To be quite honest, the show was pretty good. The Pete Best Band did a nice job with its own music and, of course, some Beatles tunes, including my favorite, “P.S. I Love You” — which surprised me so much that they were halfway through it before I realized, hey, they’re playing my favorite Beatles song, and started singing along:

As I write this letter (o-oh)
Send my love to you (you know I want you to)
Remember that I’ll always (yeah-ah)
Be in love with you …

I didn’t stay for the whole show, so I’m not sure if they got around to playing my close-second-favorite Beatles song, “Here Comes the Sun” … but I did get to hear a guy playing that song on an acoustic guitar a couple of weeks ago when a busload of senior citizens came to town for the day, so I’m actually quite good on live Beatles covers, thank you.

I left the concert just in time to hit the couch early in the Cubs-Dodgers game.

Sadly, I probably shouldn’t have bothered because, much like their first two games against LA, the Cubs just didn’t have it. In no small part because the Dodgers played so well, but mostly because the Cubs really weren’t in the game.

Heck, let’s be honest: They really weren’t in the entire series.

Still, they had a great “regular” season, winning 97 games, including both the games I got to see in person. A bitter ending, true, as their postseason losing streak reached nine games (counting last season’s sweep by Arizona and dating back to the NLCS debacle in 2003 … but even that postseason wasn’t a total loss because I got to watch two of those National League Championship Series games on a big-screen TV alongside some of my favorite pals from college in the Tropicana Hotel in Las Vegas), but I still say having a competitive team to watch throughout the summer is worth going through the inevitable heartache when the Cubs actually do make it into the playoffs.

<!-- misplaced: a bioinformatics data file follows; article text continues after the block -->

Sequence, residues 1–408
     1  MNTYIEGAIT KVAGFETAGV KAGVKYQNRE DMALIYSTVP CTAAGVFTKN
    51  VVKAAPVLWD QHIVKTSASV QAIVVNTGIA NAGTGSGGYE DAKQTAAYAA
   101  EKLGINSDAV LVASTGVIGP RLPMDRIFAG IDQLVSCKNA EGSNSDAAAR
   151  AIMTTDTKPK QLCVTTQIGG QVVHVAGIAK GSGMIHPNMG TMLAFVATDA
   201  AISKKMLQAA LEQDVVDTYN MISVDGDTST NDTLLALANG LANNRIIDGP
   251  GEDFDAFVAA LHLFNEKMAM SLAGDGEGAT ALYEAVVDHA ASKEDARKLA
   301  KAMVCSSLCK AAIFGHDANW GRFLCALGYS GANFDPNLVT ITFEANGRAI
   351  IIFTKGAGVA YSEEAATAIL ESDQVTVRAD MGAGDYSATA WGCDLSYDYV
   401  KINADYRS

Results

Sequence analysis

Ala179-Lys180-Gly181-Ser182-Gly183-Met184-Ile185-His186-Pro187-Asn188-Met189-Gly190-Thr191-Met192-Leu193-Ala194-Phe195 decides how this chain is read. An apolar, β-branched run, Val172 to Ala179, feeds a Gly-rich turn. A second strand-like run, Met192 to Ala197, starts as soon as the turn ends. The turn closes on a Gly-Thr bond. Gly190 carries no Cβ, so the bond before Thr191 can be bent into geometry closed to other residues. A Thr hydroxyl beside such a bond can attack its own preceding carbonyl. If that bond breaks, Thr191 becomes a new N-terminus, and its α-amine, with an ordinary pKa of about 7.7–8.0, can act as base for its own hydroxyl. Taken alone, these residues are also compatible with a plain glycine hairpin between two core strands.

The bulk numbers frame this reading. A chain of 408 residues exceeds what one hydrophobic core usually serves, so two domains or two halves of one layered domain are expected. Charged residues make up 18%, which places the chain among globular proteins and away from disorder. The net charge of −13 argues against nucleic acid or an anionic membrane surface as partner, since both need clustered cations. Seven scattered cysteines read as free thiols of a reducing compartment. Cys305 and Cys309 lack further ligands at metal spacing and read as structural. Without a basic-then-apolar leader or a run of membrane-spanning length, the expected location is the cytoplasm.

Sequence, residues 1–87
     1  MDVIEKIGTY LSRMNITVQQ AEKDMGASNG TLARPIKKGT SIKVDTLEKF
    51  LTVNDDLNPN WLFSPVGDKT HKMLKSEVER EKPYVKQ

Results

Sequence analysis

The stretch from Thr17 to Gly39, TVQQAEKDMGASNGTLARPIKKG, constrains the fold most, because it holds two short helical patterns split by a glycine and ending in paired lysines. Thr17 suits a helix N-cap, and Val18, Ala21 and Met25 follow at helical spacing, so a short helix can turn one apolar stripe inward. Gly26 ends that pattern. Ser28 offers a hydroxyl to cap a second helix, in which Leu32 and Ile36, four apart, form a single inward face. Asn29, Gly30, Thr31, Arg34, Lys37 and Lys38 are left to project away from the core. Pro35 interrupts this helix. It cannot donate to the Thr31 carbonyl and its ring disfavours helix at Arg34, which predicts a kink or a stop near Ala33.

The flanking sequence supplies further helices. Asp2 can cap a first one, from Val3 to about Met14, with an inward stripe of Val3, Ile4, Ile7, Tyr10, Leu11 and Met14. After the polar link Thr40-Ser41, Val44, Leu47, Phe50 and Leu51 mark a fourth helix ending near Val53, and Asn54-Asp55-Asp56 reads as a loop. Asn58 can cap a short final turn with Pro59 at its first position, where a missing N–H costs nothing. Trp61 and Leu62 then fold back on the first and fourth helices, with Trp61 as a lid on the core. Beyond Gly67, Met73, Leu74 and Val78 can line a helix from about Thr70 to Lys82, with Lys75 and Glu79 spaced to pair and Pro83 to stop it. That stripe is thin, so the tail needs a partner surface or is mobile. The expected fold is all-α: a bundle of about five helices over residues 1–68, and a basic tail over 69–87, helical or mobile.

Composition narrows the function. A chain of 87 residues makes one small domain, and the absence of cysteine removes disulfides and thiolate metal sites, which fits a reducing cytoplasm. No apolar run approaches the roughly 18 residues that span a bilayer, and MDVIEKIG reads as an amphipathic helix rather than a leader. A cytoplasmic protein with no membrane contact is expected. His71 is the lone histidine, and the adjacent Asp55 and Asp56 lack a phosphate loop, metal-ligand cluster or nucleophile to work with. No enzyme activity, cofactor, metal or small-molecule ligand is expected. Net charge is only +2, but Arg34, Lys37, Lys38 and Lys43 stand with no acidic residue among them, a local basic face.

On that note, how about a couple of photos from the concert?

Not sure who that guy in the dark suit is, but he caught my eye from across the gymnasium because he was doing this sort of slide-step dance to every song performed by the Pete Best Band.

Jim Edmonds takes a curtain call after hitting his second home run against the Cardinals in the Cubs’ 3-2 win in 11 innings Friday at Wrigley Field. (Photo by Phil Velasquez/Chicago Tribune)

This was my favorite moment of the game. Followed closely by Jimmy’s first home run of the game and his diving catch in center field. Followed by Alfonso Soriano’s throwout of Joe Mather at home plate. Followed by the Cubs getting out Cesar Izturus on a suicide squeeze attempt. Followed by an 0-for-13 showing by Ryan Ludwick, Troy Glaus and Yadier Molina. Followed by Jeff Samardzija’s throwout of Albert Pujols attempting to steal second in the top of the 11th. Followed by Henry Blanco’s no-out, bases-loaded, game-winning  liner past short in the bottom of the 11th.

Don’t get me wrong: I actually do enjoy watching the Cardinals, and I’ll admit I root for them when they’re not playing the Cubs. And when they’re not threatening the Cubs’ lead in the NL Central. (And it’s not JUST because The Lovely is a Cards fan.)

Weekend before last, we — Diane, Karl, Sherry, the kids and I — are all sitting around at Diane’s, watching Roger Federer play Novak Djokovic for the U.S. Open championship and the Chicago Bears play the San Diego Chargers on the split-screen. Actually, Diane and the grandkidlets are out in the kitchen, coloring and what-not around the new Spider-Man table.

A few minutes later, Kameron comes running into the living room and yells, “Go, Cubbies!”

Confusion ensues, for Diane, Karl, Sherry AND the kids (for all we know) are fans of the St. Louis Cardinals. I, of course, am the lone Cubs fan in the group. (Kurt likes them, too, but he’s way down in Loosiana.)

“What’s that?” I ask Kameron.

“Go, Cubbies!” he yells again and then scampers back to the kitchen.